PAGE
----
North American truckload volumes on the noncontract, or "spot" market, rose 34 percent last month compared to February volumes, a surge typical for the early spring, which is one of the year's peak periods, according to a monthly index issued today by DAT Solutions, a research consultancy.
By comparison, March volumes declined 28 percent from March 2014 levels, DAT said. Last year's severe weather in the first quarter resulted in unprecedented volume surges later in the quarter as tonnage snapped back violently after being restrained due a dramatic reduction in rig supplies. The busy spring freight season usually begins in late March.
By equipment type, freight volume increased sequentially—by 34 percent for dry vans, 41 percent for flatbeds, and 20 percent for refrigerated, or "reefer," trailers, DAT said. Rates last month rose sequentially for all equipment types, with van rates up 2.5 percent, flatbeds up 2.8 percent, and reefer equipment up 1.7 percent, DAT said.
Compared to the extraordinary market conditions of March 2014, year-over-year freight volume by equipment type declined 19 percent for vans, 42 percent for flatbeds, and 1.3 percent for reefers. Rates increased, however, with van rates up 2.5 percent, flatbed rates up 6.9 percent, and reefer rates 6.4 percent. Monthly average rates have increased year-over-year for more than 20 consecutive months, according to DAT figures.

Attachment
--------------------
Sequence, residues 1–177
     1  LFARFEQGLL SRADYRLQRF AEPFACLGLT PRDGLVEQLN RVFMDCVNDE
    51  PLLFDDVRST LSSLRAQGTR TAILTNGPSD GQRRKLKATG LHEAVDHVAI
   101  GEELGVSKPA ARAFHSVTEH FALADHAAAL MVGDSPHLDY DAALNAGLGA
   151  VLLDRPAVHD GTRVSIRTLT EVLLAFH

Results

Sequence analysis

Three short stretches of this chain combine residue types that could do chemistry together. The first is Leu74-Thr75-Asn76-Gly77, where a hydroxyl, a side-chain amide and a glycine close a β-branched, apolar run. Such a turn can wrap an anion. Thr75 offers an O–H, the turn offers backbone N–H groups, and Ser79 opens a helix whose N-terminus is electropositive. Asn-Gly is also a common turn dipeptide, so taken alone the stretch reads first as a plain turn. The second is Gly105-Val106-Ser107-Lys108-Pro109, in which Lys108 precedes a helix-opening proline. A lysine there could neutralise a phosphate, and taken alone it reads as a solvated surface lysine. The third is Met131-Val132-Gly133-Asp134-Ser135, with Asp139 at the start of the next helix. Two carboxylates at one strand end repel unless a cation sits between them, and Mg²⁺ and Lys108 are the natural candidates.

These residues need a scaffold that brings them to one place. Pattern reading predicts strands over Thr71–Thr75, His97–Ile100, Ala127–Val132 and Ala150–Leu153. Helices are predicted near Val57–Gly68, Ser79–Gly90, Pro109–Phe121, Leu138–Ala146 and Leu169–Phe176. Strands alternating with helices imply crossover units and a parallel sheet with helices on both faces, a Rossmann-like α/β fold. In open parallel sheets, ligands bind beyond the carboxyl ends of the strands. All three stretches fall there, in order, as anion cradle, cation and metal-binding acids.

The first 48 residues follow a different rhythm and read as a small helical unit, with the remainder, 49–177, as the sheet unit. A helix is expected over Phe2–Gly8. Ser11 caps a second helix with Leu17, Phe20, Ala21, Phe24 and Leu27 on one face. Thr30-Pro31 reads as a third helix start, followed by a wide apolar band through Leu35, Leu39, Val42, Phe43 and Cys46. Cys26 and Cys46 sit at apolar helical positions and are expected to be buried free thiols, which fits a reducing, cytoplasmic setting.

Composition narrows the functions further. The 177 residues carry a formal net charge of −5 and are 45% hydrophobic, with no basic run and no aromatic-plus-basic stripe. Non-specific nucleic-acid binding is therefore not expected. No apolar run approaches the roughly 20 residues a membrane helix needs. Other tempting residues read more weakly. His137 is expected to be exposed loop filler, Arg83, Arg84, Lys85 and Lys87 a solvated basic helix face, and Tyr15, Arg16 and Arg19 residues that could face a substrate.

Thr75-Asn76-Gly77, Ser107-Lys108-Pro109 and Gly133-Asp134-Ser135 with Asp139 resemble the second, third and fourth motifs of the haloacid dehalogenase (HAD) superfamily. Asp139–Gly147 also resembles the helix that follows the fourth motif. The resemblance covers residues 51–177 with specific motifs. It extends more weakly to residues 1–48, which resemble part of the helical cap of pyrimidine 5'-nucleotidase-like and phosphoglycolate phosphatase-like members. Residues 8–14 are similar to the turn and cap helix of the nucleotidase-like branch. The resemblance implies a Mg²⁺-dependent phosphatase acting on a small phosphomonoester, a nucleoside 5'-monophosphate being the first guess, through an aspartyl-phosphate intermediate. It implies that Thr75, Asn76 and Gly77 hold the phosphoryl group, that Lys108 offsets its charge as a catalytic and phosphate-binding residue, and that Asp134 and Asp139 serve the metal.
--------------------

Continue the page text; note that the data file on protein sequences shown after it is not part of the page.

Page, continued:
Though estimates vary, it is believed that spot market volumes account for between 15 and 20 percent of all truckload freight moving in the U.S. Spot pricing trends are important in that they often influence the outcome of the much larger market for truckload shipments moving under contract. In 2014, intermediaries and carriers across North America listed more than 120 million loads and trucks on DAT's load board network.
Mark Montague, an industry pricing analyst for DAT, said in an e-mail that spot market volumes are generally solid, while rates are mostly stable for van freight and increasing at a normal pace for flatbed and refrigerated freight. Montague said, however, that there is more capacity in the market than he expected, adding that most regions are able to procure trucks. Northern Alabama currently has the highest demand for van equipment, while demand in Chicago is unusually weak, Montague said. Flatbed capacity, driven by increased warm-weather demand for construction materials and equipment, is showing the most tightness, he said.
Reefer demand has been hit by a downturn in produce production in California and Florida, Montague said. Reefer equipment is in greater demand to haul meat and processed foods than to transport produce, he said.
Tucson is the country's top current produce market, Montague said. Demand there is being influenced by activity at the border crossing city of Nogales, Ariz., where a great deal of produce grown on Mexico's Pacific coast enters the U.S., he said.